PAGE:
Accurate estimation of SoC plays a pre-eminent role because a battery has to be maintained in a safe operating range for longer life span. Aging of the battery, battery temperature and C-rate are some of the factors that affect the SoC of a battery. Accurate SoC estimation is a predominant field of research.

  1. DIFFERENT SoC ESTIMATION TECHNIQUES

    1. INTRODUCTION.

Electric vehicles are vehicles that run either partially or fully on electricity. Depending on the part that drives the power, EVs are classified into- HEV (Hybrid Electric Vehicle) and BEV (Battery Electric vehicle). Unlike mainstream vehicles that use only gasoline or diesel- powered engine, EVs use an electric motor energised by electricity from batteries. These battery powers all or some parts of the vehicle.

Although EVs are highly sophisticated when compared to an IC engine, they have their glitches. Some such challenges with an EV include electric or electronic architecture, cooling aspects, Material technology, battery swapping, power switching, V to G communication etc. Accurate estimation of SoC being one such onerous challenge.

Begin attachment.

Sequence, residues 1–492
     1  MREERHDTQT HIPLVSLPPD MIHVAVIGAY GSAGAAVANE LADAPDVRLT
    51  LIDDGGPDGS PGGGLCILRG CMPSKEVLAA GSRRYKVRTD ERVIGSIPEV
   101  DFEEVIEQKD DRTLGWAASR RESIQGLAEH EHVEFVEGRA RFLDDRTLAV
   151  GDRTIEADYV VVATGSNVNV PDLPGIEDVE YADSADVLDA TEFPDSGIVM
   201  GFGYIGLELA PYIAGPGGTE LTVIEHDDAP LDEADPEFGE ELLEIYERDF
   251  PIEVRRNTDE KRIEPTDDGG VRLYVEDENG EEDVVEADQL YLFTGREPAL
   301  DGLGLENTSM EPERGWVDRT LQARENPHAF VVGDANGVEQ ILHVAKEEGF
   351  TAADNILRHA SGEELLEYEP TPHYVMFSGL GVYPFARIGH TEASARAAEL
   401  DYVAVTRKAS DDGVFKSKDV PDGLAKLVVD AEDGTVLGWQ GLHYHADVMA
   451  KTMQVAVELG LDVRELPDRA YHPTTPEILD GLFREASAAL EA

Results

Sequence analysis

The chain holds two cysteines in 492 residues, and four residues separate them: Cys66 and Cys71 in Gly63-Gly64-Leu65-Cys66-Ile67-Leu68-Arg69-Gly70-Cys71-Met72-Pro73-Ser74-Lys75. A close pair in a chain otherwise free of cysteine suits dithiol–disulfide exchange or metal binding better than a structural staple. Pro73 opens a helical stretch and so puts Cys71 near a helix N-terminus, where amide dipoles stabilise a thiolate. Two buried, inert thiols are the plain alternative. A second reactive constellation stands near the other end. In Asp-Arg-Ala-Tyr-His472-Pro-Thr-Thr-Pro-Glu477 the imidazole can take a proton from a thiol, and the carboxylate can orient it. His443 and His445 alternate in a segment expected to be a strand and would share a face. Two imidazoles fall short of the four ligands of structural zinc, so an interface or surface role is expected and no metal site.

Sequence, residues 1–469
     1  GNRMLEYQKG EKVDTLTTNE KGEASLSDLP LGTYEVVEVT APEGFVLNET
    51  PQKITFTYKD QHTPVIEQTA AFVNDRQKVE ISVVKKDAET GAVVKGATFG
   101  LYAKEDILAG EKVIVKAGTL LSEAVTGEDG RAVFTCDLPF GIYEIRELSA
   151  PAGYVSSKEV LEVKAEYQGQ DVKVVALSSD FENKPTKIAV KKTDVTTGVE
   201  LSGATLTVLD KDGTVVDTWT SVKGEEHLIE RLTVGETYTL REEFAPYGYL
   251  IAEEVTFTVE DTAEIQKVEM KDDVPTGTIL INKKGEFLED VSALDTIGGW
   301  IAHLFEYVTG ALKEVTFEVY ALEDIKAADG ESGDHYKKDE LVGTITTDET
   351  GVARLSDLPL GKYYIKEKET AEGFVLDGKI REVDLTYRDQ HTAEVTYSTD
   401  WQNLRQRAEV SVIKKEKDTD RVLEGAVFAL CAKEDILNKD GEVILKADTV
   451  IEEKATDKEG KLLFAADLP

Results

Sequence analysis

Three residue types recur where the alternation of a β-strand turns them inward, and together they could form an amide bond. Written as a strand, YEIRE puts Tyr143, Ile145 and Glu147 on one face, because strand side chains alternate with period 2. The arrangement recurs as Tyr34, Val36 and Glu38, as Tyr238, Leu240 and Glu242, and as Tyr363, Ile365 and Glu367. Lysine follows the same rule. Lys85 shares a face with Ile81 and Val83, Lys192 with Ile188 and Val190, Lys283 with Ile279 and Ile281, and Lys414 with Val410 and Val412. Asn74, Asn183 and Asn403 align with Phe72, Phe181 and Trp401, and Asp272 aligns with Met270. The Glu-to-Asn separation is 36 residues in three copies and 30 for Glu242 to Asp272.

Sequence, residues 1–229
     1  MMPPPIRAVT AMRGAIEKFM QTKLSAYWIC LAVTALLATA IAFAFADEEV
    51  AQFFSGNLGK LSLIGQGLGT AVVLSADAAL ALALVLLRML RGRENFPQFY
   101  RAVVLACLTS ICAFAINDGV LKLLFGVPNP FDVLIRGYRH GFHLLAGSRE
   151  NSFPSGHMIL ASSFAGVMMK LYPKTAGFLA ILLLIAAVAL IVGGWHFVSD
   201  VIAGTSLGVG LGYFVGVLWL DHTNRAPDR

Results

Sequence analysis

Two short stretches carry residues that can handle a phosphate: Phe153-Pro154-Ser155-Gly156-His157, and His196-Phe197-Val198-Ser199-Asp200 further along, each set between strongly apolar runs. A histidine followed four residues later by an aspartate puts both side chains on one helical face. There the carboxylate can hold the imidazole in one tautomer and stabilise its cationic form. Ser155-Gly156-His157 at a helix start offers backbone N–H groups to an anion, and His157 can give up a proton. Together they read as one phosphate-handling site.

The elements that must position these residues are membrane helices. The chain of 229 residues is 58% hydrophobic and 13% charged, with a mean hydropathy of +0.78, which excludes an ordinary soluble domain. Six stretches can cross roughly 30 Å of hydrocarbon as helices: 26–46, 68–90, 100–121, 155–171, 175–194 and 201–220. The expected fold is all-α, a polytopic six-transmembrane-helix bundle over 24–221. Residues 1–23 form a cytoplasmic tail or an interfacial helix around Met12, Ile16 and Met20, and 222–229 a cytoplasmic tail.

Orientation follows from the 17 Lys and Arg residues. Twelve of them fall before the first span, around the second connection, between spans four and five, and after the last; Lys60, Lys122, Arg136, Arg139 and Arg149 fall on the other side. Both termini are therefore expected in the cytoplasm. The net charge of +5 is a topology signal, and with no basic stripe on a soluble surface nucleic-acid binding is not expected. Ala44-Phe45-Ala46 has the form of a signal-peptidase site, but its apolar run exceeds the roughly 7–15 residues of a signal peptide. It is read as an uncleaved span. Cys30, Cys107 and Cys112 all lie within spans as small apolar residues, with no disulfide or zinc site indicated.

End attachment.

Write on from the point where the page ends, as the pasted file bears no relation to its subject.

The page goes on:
The state of charge (SoC) of a cell depicts the capacity that is currently available as a function of the rated capacity. The units of SoC are percentage points ranging from 0% to 100%. If the

SoC is 100%, then the cell is said to be fully charged, whereas a SoC of 0% indicates that the cell is completely discharged. An EV is charged based on the SoC reading. In practical applications, the SoC is not allowed to go beyond 50%. Similarly, as a cell starts aging, it loses the capacity that it is capable of holding. This means that for an aged cell, 100% SoC would be equivalent to a 75%-80% SoC of

Figure 1.0 Classification of different types of SoC estimation methods.